Since I get paid to be a professional Christian (Isn’t that what a Pastor really does during the week?), it won’t surprise you that I am usually on the giving end. I visit sick people in the hospital. I comfort those who have had a loved one die. I counsel individuals and couples who are in trouble. I marry couples who wish to be married. I give a lot, which is one of the things I love best about my job. More than that, Jesus says that it is better to give than to receive.
This week, I was on the receiving end of giving. It was different—like driving in the shotgun seat in Great Britain or trying a few new words in another language not your own. For me, receiving doesn’t come as easily.
My niece Annik was recently diagnosed with breast cancer. This was shocking and devastating news for my whole family. Annik’s mother, Ricanne, died of breast cancer at the age of 35. My own wife, Leslie, bravely faced breast cancer six years ago. Annik is just 23-years-old, fresh out of college and getting into her career. Young women in their early 20’s are not, and should not be, having conversations with oncologists about bilateral mastectomies, reconstructive surgeries, and chemotherapy treatments. But in the space of two weeks, Annik and her parents, my brother, Scott, and his wife, Barbara, have been having plenty of these.
On this Wednesday, June 24, Annik had her mastectomy at Sloan Kettering Hospital on the Upper Eastside of New York. I took the train to see Annik, Scott, and Barbara. I wasn’t looking to get on the receiving end, but a situation like this kind of puts you there whether you want to or not, or whether you like it or not. I won’t argue with Jesus that there is a blessing to be found in giving, but I also know that receiving also brings blessing to me, the receiver, and to the giver, too.
A friend of mine here at church calls his wife a “blessings thief.” Here’s what he means by that. This man’s wife hates to be on the receiving end; she despises it. She much prefers to help and to give. Her husband points out that her resistance to receiving deprives someone else of the blessing of giving.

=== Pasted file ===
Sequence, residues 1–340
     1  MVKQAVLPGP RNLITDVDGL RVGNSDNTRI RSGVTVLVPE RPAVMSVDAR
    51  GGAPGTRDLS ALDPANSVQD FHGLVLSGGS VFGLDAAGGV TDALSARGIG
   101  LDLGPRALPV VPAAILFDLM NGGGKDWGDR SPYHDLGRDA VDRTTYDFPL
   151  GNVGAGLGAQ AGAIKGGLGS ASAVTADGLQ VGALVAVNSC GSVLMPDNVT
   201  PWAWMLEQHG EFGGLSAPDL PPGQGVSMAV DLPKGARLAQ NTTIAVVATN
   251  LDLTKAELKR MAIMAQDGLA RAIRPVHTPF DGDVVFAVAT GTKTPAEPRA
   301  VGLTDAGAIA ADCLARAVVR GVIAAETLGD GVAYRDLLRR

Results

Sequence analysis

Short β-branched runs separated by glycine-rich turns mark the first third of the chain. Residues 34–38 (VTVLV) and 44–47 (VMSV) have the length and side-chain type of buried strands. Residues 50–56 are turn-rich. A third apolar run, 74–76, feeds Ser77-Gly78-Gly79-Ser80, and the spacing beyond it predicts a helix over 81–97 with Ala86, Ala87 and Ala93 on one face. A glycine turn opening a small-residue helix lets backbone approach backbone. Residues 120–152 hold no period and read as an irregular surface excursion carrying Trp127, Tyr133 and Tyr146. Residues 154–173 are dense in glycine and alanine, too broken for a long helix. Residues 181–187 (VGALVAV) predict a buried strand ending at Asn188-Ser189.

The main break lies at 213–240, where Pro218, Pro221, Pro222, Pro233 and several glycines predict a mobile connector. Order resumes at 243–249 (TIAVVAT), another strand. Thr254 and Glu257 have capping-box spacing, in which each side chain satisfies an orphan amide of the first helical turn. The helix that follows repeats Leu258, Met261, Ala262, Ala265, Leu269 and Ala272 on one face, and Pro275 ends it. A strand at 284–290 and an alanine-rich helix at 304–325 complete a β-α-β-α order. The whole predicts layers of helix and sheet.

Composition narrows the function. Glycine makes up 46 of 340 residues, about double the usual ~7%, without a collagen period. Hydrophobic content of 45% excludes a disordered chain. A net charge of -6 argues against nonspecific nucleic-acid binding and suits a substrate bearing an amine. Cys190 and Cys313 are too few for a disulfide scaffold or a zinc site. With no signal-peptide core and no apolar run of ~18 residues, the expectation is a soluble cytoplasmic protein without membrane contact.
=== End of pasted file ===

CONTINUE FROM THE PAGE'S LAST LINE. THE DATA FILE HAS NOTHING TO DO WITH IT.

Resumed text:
I have been careful to steal no one’s blessings in the past two weeks. And so I’ll tell you about some of things I have received in the last couple of days. There is a nun who has been working as a chaplain at Sloan Kettering for 30 years. The sister is about half as tall as I am. She just celebrated her 70th anniversary of taking her vows. She is a 4-foot dynamo. I was sitting with Annik and her boyfriend, Danny, and her parents. I had prayed for Annik a little bit earlier (I had to do some giving!). I read Psalm 121 and wept with every word I read. We held hands, bowed our heads, and prayed. Again, I wept my way through the prayer. Then the sister appeared. Without closing her eyes or asking us to do the same, she prayed a powerful blessing upon us all. And she did it without a tear. So my niece got a wet blessing and a dry one.
On Thursday morning I was working in my study when there was a harsh knock on the door. It was Joe, the UPS driver, who has been delivering packages to us for years. He asked me how I was doing and then, as he always does, he asked how my wife is. I told him that Leslie was fine but could he please pray for Annik. With that, Joe fell to his knees, grabbing my hands and praying a fierce prayer of faith. He rose to his feet and gave me a bear hug before running off to his truck.
I sure have received a lot this week. It’s not so bad, I can tell you.